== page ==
ChromecastGoogle’s Chromecast was released last week with little fanfare from Google – but tons from the press.

It sold out within days.

But what, exactly, is Chromecast? What does it do… and where can you even get one?

Let’s start with what it is…

Chromecast is a device that plugs into the HDMI port of your TV. The device is about the size of your thumb. There is also a power cord that will need to be plugged in to a power outlet or a powered USB slot on the TV.

The need for power is something Google has been criticized for de-emphasizing in its promotions (Google’s introductory video shows it being plugged in cord-free).

Now for what it does…

Chromecast “broadcasts” (sometimes… more on that in a moment) what’s on your computer/smartphone/tablet screen to your TV screen. So, basically, your big screen TV can be used as a big computer monitor.

Yes, we could to that pre-Chromecast, but it required a hard connection through an HDMI cable. With Chromecast, it’s done via wifi.

To do this, users must be using a Chrome browser, click on the Chromecast menu, then “cast entire screen.”

Be aware though, the full-screen cast is still in beta testing.

Through the Chrome browser, webpages can also be cast to the TV screen, which allows for watching videos and the like by streaming them from the computer/smartphone/tablet to the TV.

And, Chromecast currently supports Netflix, Youtube, and Google Play for – direct – streaming from the internet to the TV.  In this scenario, your computer/smartphone/tablet doesn’t actually stream the content. Instead, it acts as a fancy remote, and the content is delivered through the wifi network straight to the TV.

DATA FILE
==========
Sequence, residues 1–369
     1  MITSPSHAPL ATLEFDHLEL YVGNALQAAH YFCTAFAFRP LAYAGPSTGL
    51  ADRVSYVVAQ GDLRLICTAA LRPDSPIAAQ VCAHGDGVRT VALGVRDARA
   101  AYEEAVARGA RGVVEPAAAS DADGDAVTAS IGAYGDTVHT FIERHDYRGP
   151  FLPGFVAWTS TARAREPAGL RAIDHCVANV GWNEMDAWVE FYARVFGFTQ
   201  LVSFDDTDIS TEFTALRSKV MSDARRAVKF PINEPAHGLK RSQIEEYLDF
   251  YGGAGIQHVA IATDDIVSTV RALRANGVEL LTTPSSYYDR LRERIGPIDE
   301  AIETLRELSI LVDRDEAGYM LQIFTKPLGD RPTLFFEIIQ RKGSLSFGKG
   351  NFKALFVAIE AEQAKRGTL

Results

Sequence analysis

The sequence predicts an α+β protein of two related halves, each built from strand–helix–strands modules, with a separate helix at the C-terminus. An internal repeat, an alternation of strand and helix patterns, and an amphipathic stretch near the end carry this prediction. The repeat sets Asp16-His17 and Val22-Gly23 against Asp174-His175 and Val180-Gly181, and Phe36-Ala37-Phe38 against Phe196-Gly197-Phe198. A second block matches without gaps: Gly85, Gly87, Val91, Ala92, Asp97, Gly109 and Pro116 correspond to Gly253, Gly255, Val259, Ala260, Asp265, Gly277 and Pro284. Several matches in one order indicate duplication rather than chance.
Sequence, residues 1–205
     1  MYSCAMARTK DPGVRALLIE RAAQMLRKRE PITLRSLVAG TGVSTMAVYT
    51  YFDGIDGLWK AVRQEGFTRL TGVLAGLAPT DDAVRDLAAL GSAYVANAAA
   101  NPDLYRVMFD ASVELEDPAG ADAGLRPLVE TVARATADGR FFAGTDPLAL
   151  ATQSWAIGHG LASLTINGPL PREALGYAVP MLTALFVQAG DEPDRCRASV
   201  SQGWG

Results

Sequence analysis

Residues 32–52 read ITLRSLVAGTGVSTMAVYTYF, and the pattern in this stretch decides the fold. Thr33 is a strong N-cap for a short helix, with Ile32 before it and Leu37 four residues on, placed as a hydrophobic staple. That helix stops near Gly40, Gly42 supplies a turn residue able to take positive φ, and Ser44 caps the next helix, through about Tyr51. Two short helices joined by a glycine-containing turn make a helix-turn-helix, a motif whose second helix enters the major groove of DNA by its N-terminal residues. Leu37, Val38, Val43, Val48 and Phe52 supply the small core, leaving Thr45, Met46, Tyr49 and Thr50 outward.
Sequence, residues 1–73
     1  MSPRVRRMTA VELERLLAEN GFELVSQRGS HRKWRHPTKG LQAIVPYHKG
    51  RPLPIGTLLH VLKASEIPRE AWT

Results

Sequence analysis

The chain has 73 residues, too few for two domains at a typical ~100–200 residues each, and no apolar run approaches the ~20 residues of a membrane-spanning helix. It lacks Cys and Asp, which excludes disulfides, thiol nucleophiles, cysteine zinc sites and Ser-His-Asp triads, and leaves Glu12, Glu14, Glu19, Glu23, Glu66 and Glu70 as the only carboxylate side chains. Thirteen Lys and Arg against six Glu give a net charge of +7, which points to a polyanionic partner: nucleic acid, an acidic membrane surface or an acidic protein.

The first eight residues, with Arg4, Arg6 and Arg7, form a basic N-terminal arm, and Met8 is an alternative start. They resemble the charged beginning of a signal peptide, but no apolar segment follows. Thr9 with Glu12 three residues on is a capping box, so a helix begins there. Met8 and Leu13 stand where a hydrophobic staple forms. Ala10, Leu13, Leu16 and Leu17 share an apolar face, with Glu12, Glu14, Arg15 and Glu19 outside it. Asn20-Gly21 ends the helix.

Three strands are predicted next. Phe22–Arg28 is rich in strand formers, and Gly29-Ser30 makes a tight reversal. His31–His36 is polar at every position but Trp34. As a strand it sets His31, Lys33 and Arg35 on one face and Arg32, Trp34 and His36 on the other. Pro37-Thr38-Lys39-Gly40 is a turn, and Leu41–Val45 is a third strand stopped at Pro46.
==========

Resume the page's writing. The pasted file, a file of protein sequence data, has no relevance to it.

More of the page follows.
Reports indicate that, in most cases, the streaming is a better quality coming straight over wifi to the TV, rather than streaming from a computer.

So, with Chromecast, the idea is basically to take what’s on the computer screen and throws it up on your big HDTV.

OK, so how do you get it…?

That’s tricky, at least for now.

Chromecast has done exceptionally well in sales and is currently sold out from most online retailers.

If you are willing to wait, both Google Play and Amazon report they will have Chromecasts back in stock within 3 to 4  weeks.

If you are a go-getter who has to have one now, you will be able to find Chromecasts on eBay, though you will no doubt end up paying more than the device’s $35 retail price.

eBayer’s aren’t quite getting the premium prices one might expect though. Looking through the last half dozen completed listings that sold, most went for under $70 (including shipping).

A number of 3rd party sellers also have Chromecasts listed on Amazon under $80.

And there have been a few reports of people still finding them on the shelves of a few local Best Buy stores, though online they are reporting that they are sold out.

Have you gotten your hands on a Chromecast?

Tell us what you think of it below – and be sure to Like, Tweet, G+ and Pin this page to pass it on to your friends!